Only a political solution can end Yemen's war

Martin Griffiths might have been too trusting, but he is not to blame for this ongoing crisis

Swedish Foreign minister Margot Wallstrom (L) and UN special envoy to Yemen Martin Griffiths  attend the opening press conference of the Yemeni peace talks at Johannesberg castle in Rimbo, Sweden on December 6, 2018.
 The Sweden talks mark the first attempt in two years to broker an end to the Yemen conflict, which has killed at least 10,000 people since 2015 and triggered what the UN calls the world's worst humanitarian crisis. - Sweden OUT
 / AFP / TT News Agency / Stina STJERNKVIST
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George Mitchell, the US diplomat who brokered the Good Friday agreement in 1998, once called the process “700 days of failure and one day of success”. This remark, which reflects the long trudge towards peace, would resonate with UN envoy Martin Griffiths, who has been working for more than a year to end the war in Yemen.

Mr Griffiths promised that the warring sides – Yemen’s internationally recognised government and the Houthi rebels, who seized a large chunk of the country in 2014 – would reach an agreement by the end of last year. On that, he was correct. The Stockholm agreement of last December offered a roadmap for a political solution in Yemen, prioritising prisoner swaps to build confidence and a ceasefire in the vital Red Sea port city of Hodeidah – where most of Yemen’s food and aid lands. However, given its strategic significance, Hodeidah has been a sticking point ever since, while war has continued to rage across the rest of the country.

The government of President Abdrabu Mansur Hadi accuses the rebels of fabricating a handover of the port to coastguards, and Mr Griffiths of siding with the Houthis. With the surprise resignation of Yemen’s foreign minister Khalid Al Yamani last week, the fragile peace process now appears to be in even greater jeopardy. Mr Griffiths might have been too eager to place his trust in the Houthis, but he is not to blame for the continuation of this crisis.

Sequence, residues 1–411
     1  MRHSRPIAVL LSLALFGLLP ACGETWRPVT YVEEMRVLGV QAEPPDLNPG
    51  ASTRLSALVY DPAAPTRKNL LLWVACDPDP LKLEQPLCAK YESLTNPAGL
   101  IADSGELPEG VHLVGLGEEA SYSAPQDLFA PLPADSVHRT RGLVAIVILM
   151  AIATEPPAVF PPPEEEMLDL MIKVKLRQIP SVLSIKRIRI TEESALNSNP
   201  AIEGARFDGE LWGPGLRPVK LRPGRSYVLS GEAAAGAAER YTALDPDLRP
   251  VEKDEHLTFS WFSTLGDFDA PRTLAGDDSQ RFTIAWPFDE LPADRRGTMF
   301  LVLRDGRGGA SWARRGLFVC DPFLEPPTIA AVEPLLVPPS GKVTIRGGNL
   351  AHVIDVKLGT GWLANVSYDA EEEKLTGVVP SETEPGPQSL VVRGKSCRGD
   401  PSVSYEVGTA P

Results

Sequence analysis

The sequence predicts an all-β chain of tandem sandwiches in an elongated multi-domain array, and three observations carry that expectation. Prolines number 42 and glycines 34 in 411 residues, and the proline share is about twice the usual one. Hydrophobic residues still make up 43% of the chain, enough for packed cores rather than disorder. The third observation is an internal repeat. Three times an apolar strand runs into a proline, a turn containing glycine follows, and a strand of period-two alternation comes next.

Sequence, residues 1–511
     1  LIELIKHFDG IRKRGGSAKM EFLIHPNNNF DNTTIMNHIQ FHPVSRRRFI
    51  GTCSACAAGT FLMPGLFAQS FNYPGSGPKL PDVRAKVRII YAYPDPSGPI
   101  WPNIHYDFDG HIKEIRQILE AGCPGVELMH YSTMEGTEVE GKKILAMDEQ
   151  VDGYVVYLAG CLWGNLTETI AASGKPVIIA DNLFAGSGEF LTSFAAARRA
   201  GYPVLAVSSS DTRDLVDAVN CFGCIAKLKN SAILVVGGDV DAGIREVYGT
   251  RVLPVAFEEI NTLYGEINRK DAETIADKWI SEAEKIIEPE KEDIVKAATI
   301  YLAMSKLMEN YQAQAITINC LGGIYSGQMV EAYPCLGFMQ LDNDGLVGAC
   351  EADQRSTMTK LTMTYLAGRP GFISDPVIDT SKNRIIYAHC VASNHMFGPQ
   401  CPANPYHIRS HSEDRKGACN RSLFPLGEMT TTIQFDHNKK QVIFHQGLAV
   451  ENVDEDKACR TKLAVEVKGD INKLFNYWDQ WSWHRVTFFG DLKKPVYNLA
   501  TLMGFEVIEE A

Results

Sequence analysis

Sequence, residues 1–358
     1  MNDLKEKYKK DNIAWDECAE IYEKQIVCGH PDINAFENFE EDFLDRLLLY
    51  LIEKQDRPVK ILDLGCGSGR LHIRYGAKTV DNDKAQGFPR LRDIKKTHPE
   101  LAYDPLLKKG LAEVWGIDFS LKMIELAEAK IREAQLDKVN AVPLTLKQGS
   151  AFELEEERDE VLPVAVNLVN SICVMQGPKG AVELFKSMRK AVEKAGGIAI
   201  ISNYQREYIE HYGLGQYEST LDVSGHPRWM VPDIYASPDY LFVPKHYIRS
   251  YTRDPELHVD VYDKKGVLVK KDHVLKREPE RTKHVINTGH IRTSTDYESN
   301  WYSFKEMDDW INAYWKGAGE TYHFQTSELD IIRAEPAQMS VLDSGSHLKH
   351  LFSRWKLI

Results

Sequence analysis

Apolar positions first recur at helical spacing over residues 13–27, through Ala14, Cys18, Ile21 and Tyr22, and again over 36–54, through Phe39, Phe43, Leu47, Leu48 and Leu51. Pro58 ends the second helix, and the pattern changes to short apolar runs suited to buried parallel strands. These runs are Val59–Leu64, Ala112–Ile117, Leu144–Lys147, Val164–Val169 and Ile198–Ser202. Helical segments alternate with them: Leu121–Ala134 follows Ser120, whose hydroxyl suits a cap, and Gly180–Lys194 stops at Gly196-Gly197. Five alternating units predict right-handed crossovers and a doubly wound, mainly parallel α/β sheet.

Amid the political deadlock, it is ordinary Yemenis who continue to suffer. According to the Norwegian Refugee Council, at least 250,000 people have been displaced in the six months since the Stockholm agreement was signed. Meanwhile, at least 500 non-combatants have been killed since December, representing a rise of one-third in the casualty toll. Millions are on the brink of famine and millions more are contending with the threat of a cholera outbreak.

All sides should be committed to finding a solution, to alleviate the extreme suffering in Yemen. And yet, the Iran-backed Houthis struck Abha airport in Saudi Arabia on Wednesday, injuring 26. The Houthi leadership cannot be trusted and continue to test the international community’s patience, but Mr Griffiths must be given all the support possible to bring about a political solution. The Stockholm agreement still offers the greatest opportunity for peace.

Beneath the bluster, all sides know that a political solution is the only option moving forward. The bloodshed and turmoil in Yemen will continue until that point is reached. The Stockholm agreement laid a path for a political transition and towards a lasting peace. For the sake of Yemenis, the warring parties must see it through. If they do, Mr Griffiths might also reflect on hundreds of days of failure – and one day of success.